Open source standards and proprietary profit

By giving away the how, Day became the who, as in who you gonna call if you want to link big ECM projects together.
Written by Dana Blankenhorn, Inactive
I chatted yesterday with Roy Fielding and Santi Pierini at Day Software. Roy is the chief scientist, Santi the vice president for product strategy. They told me what is now a familiar story of open source standards leading to proprietary profit.

Day, a 13-year old ECM vendor, considers a technology it called the Content Bus its “secret sauce.” That's a pun because it was originally developed for McDonald's, in order to help both American and Japanese executives access a highly-detailed real estate database.

Day created a standardized version of the Content Bus, under Java, as JSR170.  The software was released a little over a year ago. Where this gets into the area of open source was that it was used as the basis for the Apache Jackrabbit project, which is licensed under the Apache license.

Part of our goal was to have other projects adopt it as their storage layer,” Fielding explained. Jackrabbit  “is an implementation of the content repository API as well as a working resource for our reference implementation. We donated a license to the Apache Software Foundation, and our developers work with Apache to move it forward.” That software was released a few months ago.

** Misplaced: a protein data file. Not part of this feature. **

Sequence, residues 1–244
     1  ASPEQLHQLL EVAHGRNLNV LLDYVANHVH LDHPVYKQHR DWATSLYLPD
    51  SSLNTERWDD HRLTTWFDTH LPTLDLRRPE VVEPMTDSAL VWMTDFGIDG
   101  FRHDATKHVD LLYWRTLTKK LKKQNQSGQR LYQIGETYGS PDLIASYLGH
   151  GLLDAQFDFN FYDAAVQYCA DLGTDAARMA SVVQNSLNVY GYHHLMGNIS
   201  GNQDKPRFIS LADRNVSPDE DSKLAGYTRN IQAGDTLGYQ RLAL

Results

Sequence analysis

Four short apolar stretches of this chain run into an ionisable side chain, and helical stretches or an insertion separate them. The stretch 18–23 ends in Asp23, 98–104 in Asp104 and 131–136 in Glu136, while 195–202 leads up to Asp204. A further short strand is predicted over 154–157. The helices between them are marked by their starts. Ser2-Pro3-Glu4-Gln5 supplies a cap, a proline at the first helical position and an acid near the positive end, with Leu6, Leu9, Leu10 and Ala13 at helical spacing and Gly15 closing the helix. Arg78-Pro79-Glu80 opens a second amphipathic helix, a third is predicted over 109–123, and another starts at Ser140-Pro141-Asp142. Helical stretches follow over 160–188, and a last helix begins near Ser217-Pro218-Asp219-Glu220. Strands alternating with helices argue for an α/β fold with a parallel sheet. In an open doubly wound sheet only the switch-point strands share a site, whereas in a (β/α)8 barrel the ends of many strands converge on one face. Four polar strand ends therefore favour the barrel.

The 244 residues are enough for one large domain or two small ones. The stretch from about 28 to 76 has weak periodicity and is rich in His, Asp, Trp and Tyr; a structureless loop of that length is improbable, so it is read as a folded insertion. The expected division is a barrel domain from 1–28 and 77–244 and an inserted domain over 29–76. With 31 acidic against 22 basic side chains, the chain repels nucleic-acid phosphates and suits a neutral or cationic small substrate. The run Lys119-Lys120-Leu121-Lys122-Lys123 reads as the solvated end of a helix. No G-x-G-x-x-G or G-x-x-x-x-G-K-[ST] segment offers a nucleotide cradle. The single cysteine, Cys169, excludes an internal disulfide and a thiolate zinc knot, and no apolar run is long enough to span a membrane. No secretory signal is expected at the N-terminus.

By giving away the how, Day became the who, as in who you gonna call if you want to link big ECM projects together. But by using the Apache license Day was able to do more than that.

Day created the Content Repository Extreme (CRX).  which adds management functions to the Jackrabbit code, and which makes Day a one-stop shop for managing big data repositories.

The result is a profitable company with two product lines, content applications and content infrastructure. The application layer includes custom JSR-170 connectors, and the infrastructure layer is the CRX repository. Day creates repositories for firms like eMusic. It also creates JSR170 connectors to proprietary repositories, like those of FileNet, Interwoven, Vignette, OpenText, even some Microsoft products.

The point is that open source helps build standards which even proprietary outfits can then profit from, although I think Pierini said it better than I can:

Using open source gave us access to a new channel. The enterprise, open source, and repository communities tend to be separate. We could bring them together with a standards agenda. There have been tens of millions of Apache downloads, and to have an offering relating to that audience gives us broader distribution. Jackrabbit let us propagate further than pure Java.”

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